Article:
Summary:

You take the idealism of college students, you combine it with the message-spreading power of social media, and in this case you end up with a nice little story about saving babies in the Third World. Three students at Stanford’s Graduate School of Business created a […]

You take the idealism of college students, you combine it with the message-spreading power of social media, and in this case you end up with a nice little story about saving babies in the Third World. Three students at Stanford’s Graduate School of Business created a three-minute video for a class entitled “The Power of Social Technology,” to raise awareness about an organization called Embrace.

Embrace, which itself was founded by a group of Stanford graduate students, has developed a portable incubator for low-birth-weight babies that requires no electricity and costs about $25 each. The video made by Karla Gallardo, Aastha Gupta and Lavanya Ashok, which focuses on encouraging donations to Embrace, frames a $25 contribution to the organization as an opportunity to save a life, showcasing the life of just one Indian child as an example.

A hope. A life. An Embrace. http://www.embraceglobal.org/donate from Karla Gallardo on Vimeo.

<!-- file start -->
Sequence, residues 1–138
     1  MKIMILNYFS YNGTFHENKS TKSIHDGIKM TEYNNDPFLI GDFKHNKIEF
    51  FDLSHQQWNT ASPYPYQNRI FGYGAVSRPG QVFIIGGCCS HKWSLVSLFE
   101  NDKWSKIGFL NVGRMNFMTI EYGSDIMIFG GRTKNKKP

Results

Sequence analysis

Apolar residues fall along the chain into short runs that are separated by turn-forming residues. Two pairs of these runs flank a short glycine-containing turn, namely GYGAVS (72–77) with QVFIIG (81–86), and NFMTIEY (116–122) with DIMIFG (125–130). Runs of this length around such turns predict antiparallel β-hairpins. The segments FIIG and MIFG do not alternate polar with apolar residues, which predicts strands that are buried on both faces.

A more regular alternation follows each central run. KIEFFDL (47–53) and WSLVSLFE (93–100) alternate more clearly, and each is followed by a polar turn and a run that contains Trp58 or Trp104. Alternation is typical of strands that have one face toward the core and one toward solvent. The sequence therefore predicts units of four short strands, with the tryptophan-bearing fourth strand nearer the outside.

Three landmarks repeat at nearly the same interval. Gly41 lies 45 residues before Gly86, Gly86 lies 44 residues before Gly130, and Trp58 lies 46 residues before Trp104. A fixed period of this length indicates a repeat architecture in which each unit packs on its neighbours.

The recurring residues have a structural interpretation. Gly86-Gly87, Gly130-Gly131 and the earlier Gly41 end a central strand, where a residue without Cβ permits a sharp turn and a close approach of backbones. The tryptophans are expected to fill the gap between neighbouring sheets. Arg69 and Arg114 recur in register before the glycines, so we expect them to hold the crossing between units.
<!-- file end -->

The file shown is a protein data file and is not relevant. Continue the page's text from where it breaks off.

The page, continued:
While the video can hardly be said to have gone viral — with approx. 200 views on Vimeo and approx. 1,000 views on YouTube (and the latter’s audio is disabled, most likely due to the use of R.E.M.’s Everybody Hurts for the middle section) — that’s not necessarily important if it gets seen by the right people.

The video raised more than $4,000 in donations in its first 10 days online, according to the San Jose Mercury News. In addition, it’s going to get some play on much bigger screens, thanks to Digital Signage Networks of India CEO Gaurang Shah, who saw the video and plans to run “a version” of it on the network’s digital network.

The text-heavy video definitely feels like a school project, though the students do get credit for showing some mastery of an After Effects-like program to create their titles. And the use of Everybody Hurts is never a sign of a subtle hand at the wheel. But the message is getting out there — and in this case, that’s what matters.

Related GigaOm Pro Content (subscription required): The State of Social TV

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